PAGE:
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Curved body fragment of a thin walled hemispherical bowl (Ephesus excavation inventory ART 88 K 1.1); the central boss (omphalos) and the straight rim are not preserved. Bichrome decoration painted in dark chocolate brown and reddish brown on a thick, creamy white slip of extraordinary smoothness reminding one of the quality of porcelain. Both the inside and the outside are decorated with large volutes fringed by stripes with fine dots. Confronted volutes are connected by fine lines framing cross-hatched rectangles or trapezoids. On the interior, the connection of volutes is crowned by palmettes with round leaves, on the exterior, we find instead a sequence of small, simplified lotus buds and flowers. On the exterior, too, a small remnant of a framing band below is preserved, consisting of two narrow lines framing a series of spaced squares, one of which, at least, was filled with a criss-cross left blank in a solid quadrangle. Both potting and painting of this omphalos bowl show a unique skill and a remarkable rigor, so that No. 116 ranges among the best examples known of “Ephesian Ware.” Maximum preserved height 3.7 cm, maximum preserved width 5.9 cm, thickness of the wall 0.35 cm.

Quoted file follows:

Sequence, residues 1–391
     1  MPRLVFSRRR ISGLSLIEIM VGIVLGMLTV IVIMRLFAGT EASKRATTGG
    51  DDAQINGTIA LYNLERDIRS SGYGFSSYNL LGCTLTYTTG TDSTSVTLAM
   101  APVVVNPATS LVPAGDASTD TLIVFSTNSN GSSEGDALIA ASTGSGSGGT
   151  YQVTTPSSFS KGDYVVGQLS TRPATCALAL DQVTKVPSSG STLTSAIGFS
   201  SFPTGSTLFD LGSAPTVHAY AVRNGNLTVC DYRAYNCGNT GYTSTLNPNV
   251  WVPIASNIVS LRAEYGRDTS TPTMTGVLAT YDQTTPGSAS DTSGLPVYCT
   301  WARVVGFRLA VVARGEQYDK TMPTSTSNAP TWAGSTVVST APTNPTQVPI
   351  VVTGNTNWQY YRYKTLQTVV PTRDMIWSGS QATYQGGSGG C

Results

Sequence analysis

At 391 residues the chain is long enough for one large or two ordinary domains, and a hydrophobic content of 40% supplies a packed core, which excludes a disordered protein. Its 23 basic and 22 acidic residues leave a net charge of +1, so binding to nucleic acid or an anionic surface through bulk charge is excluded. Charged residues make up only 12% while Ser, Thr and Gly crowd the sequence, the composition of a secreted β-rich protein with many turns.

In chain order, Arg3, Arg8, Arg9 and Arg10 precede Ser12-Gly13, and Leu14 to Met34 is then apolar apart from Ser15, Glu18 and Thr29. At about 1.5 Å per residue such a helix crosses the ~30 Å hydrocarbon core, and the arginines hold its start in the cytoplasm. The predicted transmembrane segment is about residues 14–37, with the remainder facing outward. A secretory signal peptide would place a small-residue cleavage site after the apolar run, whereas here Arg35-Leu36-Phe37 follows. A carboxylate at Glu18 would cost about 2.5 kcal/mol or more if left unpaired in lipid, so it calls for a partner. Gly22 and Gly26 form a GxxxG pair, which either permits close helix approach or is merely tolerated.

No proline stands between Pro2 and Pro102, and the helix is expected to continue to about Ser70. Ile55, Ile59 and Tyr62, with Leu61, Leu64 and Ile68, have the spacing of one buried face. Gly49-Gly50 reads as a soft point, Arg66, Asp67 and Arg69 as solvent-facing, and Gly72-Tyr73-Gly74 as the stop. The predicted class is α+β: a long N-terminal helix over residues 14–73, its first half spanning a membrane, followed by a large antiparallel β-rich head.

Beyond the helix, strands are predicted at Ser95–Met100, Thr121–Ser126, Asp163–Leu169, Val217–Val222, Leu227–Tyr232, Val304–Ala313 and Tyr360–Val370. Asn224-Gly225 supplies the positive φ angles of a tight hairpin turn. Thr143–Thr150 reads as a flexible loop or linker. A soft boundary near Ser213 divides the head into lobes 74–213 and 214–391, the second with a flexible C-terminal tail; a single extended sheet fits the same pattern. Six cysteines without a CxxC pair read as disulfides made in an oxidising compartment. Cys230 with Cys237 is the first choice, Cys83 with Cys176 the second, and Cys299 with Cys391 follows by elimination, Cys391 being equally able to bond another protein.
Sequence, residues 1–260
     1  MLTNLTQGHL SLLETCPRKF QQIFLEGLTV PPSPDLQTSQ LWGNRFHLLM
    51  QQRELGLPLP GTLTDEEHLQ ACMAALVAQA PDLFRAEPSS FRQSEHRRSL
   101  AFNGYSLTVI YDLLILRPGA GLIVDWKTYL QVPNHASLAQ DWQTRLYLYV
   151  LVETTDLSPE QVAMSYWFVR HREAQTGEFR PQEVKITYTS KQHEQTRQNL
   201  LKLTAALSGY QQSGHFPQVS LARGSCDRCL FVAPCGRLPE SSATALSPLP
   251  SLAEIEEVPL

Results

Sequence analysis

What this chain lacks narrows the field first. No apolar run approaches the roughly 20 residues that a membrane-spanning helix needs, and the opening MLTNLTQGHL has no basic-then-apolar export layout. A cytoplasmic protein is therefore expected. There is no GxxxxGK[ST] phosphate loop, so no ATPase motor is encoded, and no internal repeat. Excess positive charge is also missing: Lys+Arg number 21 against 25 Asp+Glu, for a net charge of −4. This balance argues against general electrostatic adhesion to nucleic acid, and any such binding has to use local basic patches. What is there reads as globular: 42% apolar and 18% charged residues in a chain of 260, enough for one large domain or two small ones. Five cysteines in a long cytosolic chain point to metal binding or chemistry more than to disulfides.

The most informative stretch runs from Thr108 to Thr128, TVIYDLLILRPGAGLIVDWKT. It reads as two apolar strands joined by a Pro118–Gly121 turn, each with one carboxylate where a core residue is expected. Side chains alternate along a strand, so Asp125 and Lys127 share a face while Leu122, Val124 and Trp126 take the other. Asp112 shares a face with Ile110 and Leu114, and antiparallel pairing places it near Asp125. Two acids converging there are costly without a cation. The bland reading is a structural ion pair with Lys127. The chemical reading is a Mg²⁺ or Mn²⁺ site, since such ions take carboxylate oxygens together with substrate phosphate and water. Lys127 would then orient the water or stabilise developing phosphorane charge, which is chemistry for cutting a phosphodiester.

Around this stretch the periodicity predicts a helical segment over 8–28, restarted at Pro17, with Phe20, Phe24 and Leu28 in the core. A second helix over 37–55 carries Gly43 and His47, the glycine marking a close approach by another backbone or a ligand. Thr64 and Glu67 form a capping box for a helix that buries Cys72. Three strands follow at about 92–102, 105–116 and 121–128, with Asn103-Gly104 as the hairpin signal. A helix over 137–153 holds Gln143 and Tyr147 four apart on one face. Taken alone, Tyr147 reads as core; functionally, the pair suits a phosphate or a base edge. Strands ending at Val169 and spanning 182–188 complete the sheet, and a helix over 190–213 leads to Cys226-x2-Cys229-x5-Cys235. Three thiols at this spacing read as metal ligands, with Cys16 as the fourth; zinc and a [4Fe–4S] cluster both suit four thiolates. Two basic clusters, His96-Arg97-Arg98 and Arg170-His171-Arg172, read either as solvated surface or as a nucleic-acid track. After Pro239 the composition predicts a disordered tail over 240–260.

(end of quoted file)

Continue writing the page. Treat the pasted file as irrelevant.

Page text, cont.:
Bammer 1991b, 128 pl. 30a; M. Kerschner in Seipel 2008, 233 cat. no. 285. On the deposit: Bammer 1991b, 128, pl. 29a (“Apsidalhaus”). On the date of the apsidal building: Weissl 2002, 316, fig. 1, 14.
Found at the site of an apsidal building, which is situated in front of the Archaic marble dipteros of Artemis, called Croesus’ temple after its prominent donor. The apsidal structure, however, belongs to an earlier stratum and thus antedates the monumental temple. It was erected in the late seventh century BC. Its function is still unexplained. The fragment No. 116 was excavated in a sandy layer below the floor level of the apsidal building.
Second half of the seventh century BC., around 640–620 BC, Lydian
Selcuk, Ephesus Museum, 80/54/88
Omphalos Phiale
Ephesian Ware
Greenewalt, “Lydian Pottery”.